Opening: February 19
Closing: June 17

Musée des Arts d'Afrique et d'Océanie, Paris

Frances Goodman on 'Unprincipled Passions', Southampton

Work by South African artist Frances Goodman, best known in South Africa for curating the 'Juncture' exhibition in 2000, is currently included on a group show exploring observation and the private/public gaze at the University of Southampton.

"As observation, surveillance and communication based media have developed during the 20th century, the oppurtunity to maintain a distinction between public and private identities has become increasingly difficult. Reflecting an artistic fascination with the penetration of these technologies into the public and private spaces of everyday life, 'Unpricipled Passions' presents the work of a number of artists whose concern with autobiography, confession, emotion and intimacy allows them to, on the one hand infiltrate this controversial territory and, on the other, offer a critique."

Other artists on the show are Vito Acconci, Sophie Calle, Philippine Hoegen, Mako Idemitsu, Mark Lewis, Hayley Newman and Gillian Wearing.

Opening: February 5
Closing: March 23

John Hansard Gallery, University of Southampton, S017 1BJ
Tel: 023 8059 2158
Fax: 023 8059 4192

Hentie van der Merwe

Hentie van der Merwe
Transvaal Horse Artillery (Colonial), Officer (1903-1913), South Africa

Hentie van der Merwe on 'Forms of Violence' in Cologne

Johannesburg artist Hentie van der Merwe is part of a distinguished line-up including Jenny Holzer, Rosemarie Trockel and Abramovic/Ulay on 'Forms of Violence' which opens at the Galerie Gabriele Rivet on January 25. Van der Merwe's contribution comprises two pieces linked to a series last seen on his show at the Goodman Gallery in Johannesburg in which he photographed old army uniforms from a military museum - Commemorative War Ribbons (2002) and Transvaal Horse Artillery (Colonial), Officer (1903-1913) (2001).

The artist will also be part of the Galerie Gabriele Rivet's show at Art Brussels 2002 at the beginning of May. And at about the same time, one will be able to see his work in Torino, Italy - he has been invited to make an installation for 'Big Torino 2002', the 2nd Internationale Biennale of Young Art to take place from April 19 to May 19. Check out the website for that event at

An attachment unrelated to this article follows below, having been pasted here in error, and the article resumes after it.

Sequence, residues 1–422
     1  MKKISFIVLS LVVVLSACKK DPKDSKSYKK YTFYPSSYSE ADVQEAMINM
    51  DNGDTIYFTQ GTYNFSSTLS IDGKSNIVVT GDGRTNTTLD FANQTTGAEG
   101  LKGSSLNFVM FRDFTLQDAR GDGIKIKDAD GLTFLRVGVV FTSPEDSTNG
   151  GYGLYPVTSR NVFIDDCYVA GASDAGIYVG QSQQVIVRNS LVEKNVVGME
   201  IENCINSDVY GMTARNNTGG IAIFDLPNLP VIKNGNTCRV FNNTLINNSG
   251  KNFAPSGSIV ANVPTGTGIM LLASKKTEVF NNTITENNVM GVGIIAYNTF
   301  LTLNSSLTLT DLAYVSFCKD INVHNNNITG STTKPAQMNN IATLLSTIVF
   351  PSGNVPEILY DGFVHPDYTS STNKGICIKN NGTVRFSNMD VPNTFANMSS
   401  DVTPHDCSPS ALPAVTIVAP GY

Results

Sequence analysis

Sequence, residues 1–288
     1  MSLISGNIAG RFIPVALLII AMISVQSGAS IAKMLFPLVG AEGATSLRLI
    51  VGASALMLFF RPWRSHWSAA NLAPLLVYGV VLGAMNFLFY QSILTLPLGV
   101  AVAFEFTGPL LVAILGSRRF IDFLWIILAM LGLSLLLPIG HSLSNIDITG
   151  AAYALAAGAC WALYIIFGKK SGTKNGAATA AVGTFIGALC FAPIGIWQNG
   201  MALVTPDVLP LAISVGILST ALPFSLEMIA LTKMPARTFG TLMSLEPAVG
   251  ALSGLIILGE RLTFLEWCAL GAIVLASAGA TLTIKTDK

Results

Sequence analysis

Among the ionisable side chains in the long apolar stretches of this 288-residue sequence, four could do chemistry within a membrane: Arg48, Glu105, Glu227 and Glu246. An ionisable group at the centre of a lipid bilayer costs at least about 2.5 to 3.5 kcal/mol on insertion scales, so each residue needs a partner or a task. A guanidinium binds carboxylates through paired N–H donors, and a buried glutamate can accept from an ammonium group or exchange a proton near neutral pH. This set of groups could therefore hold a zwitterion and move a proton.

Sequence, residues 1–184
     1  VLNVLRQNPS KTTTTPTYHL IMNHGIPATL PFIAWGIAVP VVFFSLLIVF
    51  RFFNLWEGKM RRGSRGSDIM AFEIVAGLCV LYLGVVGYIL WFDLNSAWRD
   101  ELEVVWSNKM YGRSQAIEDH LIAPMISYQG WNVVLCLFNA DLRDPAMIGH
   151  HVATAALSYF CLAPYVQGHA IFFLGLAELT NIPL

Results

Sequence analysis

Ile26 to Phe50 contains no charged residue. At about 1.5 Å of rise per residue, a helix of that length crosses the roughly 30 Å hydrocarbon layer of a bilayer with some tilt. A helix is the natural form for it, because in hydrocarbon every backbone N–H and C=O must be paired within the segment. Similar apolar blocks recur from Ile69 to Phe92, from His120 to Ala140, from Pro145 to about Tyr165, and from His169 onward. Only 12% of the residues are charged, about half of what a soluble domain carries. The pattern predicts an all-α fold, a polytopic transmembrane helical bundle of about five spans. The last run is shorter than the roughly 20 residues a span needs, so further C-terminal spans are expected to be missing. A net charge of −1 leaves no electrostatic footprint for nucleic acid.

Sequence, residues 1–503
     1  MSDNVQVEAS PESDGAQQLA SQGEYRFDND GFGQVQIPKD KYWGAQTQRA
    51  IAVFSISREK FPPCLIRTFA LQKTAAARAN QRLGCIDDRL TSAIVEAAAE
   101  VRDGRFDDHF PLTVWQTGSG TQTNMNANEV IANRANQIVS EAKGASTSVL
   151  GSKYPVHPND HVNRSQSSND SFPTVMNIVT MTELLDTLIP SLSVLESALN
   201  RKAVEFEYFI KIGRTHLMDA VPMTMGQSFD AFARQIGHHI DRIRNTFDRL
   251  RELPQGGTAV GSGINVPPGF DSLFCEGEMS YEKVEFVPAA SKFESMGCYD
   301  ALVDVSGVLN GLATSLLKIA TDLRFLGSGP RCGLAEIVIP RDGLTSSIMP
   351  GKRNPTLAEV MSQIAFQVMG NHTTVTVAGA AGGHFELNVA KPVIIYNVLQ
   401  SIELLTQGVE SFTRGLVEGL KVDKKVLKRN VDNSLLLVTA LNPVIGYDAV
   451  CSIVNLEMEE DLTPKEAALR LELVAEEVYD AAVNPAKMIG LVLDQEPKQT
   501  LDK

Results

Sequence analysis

'Forms of Violence' has been extended until April 13.

Galerie Gabriele Rivet, Jülicher Str 27, 50674, Köln, Germany
Tel: 0221 31 92 54
Fax: 0221 31 96 28


Thabiso Phokompe at Axis Gallery, New York

Axis presents the debut New York solo show of Thabiso Phokompe, one of the South African artists included on the exhibition 'Liberated Voices: Contemporary Art from South Africa' which opened at the Museum for African Art in New York in 1999. Now resident there, Phokompe studied at Fuba in the 1980s and then at the Johannesburg Art Foundation.

Phokompe uses found objects in his work and draws on site-specific and abstract traditions, while remaining grounded in African concepts and materials such as natural fibre and earth. He incorporates and hides medicinal materials and objects similar to those he witnessed his mother use in her work as a diviner and herbalist in the Zulu tradition. The Axis press release continues: "South Africa may be the birthplace of humanity, and archaeologists recently uncovered there the oldest known work of art, an engraved piece of ochre 77 000 years old. It is this same ochre that Phokompe uses in his work, asserting a present that overleaps history."

Opening: March 22, 6-9pm
Closing: May 4

Axis Gallery, 453 West 17th Street, fourth floor, New York, NY 10011
Tel: 212 741 2582
Fax: 212 924 2522
Hours: Tues - Sat 11am - 6pm

William Kentridge

William Kentridge
Casspirs Full of Love, 1989

Photo: New Museum of Contemporary Art

William Kentridge tour moves to Contemporary Arts Museum, Houston

The 11 animated films of William Kentridge are getting the full tour treatment with a survey show currently travelling through the United States and scheduled eventually to end up at the South African National Gallery in Cape Town. Organised by Dan Cameron, Staci Boris and Neal Benezra, the tour's first stop was the Hirshhorn Museum in Washington. Here, each film was given its own viewing space - as Jeff Gibson of Artforum puts it, "a must for cutting an interpretive swathe through the prickly thicket of Kentridge's content-laden parables". The show has subsequently toured to the New Museum of Contemporary Art in New York and the Museum of Contemporary Art in Chicago.